Oct 8, 2013 — A decades-long effort to prevent one of the world's leading scourges has resulted in a vaccine with only modest efficacy. Still, the shot has the potential to save hundreds of thousands of lives each year. So its developers are seeking regulatory approval in 2014.
Sep 11, 2013 — Pockets of malaria that are resistant to the frontline drug have recently emerged in Southeast Asia. Health workers worry the problem could spread to Africa. To stay ahead of the parasite, scientists have developed a fast way to detect resistant malaria and map its spread through a community.
Aug 8, 2013 — In a preliminary study, a new type of vaccine offers strong protection against malaria when given at high doses. The study was extremely small and short-term. But health leaders say they are cautiously optimistic about the approach.
May 16, 2013 — Scientists used a Dutch woman's dirty stocking to learn that mosquitoes infected with malaria find humans hard to resist. Like a fungus that turns ants into zombies, the parasite seems to change the behavior of the mosquitoes for its own benefit.
May 9, 2013 — Infecting mosquitoes with a specific type of bacteria makes the insects resistant to malaria. Now scientists have figured out how to get the mosquitoes to pass the infections on to their offspring. If it can done reliably, it might help interrupt transmission of malaria to humans.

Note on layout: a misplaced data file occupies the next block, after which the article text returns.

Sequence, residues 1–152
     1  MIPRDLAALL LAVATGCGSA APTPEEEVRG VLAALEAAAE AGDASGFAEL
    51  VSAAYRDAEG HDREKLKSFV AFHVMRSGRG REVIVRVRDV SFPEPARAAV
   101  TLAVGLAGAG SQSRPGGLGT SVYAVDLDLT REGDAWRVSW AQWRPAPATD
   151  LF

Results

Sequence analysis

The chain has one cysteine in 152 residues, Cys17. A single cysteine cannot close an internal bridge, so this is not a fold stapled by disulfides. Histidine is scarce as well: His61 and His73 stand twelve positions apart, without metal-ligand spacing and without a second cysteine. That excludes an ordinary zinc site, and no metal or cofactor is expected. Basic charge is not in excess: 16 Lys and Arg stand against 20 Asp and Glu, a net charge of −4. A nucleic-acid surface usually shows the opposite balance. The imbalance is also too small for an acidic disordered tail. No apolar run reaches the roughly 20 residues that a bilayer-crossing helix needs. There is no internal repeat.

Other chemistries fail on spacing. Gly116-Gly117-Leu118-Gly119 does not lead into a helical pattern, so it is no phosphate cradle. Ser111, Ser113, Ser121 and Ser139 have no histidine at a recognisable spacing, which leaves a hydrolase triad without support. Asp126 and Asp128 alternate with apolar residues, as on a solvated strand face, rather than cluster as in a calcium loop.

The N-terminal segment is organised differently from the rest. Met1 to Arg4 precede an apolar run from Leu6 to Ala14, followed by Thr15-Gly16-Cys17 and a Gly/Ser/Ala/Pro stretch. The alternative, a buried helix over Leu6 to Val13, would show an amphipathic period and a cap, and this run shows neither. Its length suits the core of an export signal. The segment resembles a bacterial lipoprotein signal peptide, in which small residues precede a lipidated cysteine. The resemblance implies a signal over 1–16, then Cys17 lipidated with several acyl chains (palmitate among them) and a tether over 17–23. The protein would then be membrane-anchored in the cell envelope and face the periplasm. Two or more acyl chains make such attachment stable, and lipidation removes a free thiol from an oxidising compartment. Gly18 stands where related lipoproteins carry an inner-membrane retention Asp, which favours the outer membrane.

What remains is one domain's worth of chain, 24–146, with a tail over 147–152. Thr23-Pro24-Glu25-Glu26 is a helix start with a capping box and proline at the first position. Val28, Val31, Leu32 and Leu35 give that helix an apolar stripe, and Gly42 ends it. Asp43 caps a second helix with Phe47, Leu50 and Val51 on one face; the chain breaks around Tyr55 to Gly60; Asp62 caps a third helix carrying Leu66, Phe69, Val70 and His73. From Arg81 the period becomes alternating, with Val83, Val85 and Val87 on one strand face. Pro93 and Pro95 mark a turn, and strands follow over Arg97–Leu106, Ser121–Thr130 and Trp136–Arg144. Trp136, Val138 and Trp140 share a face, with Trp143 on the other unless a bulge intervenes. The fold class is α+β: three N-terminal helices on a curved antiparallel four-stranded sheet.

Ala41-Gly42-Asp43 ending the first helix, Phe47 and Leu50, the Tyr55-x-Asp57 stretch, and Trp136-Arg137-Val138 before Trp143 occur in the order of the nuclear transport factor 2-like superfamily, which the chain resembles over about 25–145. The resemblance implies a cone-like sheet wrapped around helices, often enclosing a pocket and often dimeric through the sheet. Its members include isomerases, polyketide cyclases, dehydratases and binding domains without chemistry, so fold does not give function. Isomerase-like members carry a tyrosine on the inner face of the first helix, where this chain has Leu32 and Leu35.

Apr 10, 2013 — The relatively scarce "sweet wormwood" plant has long been the only source of the herbal drug artemisinin. A new trick for making artemisinin in the lab should help even out supplies around the world, scientists say, and cut the cost of malaria treatment.
Jan 2, 2013 — A scientist in Thailand raises mosquito colonies so she can study a new malaria drug. The insects are quite spoiled — they'll eat only live human blood. So she feeds them "breakfast" each day from her right arm.
Dec 29, 2012 — Researchers argue that ecology has a pretty big say in whether disease rates increase or die down. They used a new field that blends economics and ecology called "macroecology" to figure out how biodiversity loss affected disease burden.
Dec 20, 2012 — Many modern day liqueurs, like Campari and Pimm's, started off as 19th century medicinal tonics made to cure an array of ailments, including malaria. So if you're sipping a French aperitif or an absinth cocktail this holiday season, chances are you're also imbibing a bit of malaria history.
Dec 19, 2012 — With publicity campaigns, radio jingles and pinups, the government helped eliminate the parasitic disease. The Centers for Disease Control and Prevention is still fighting malaria at home and abroad.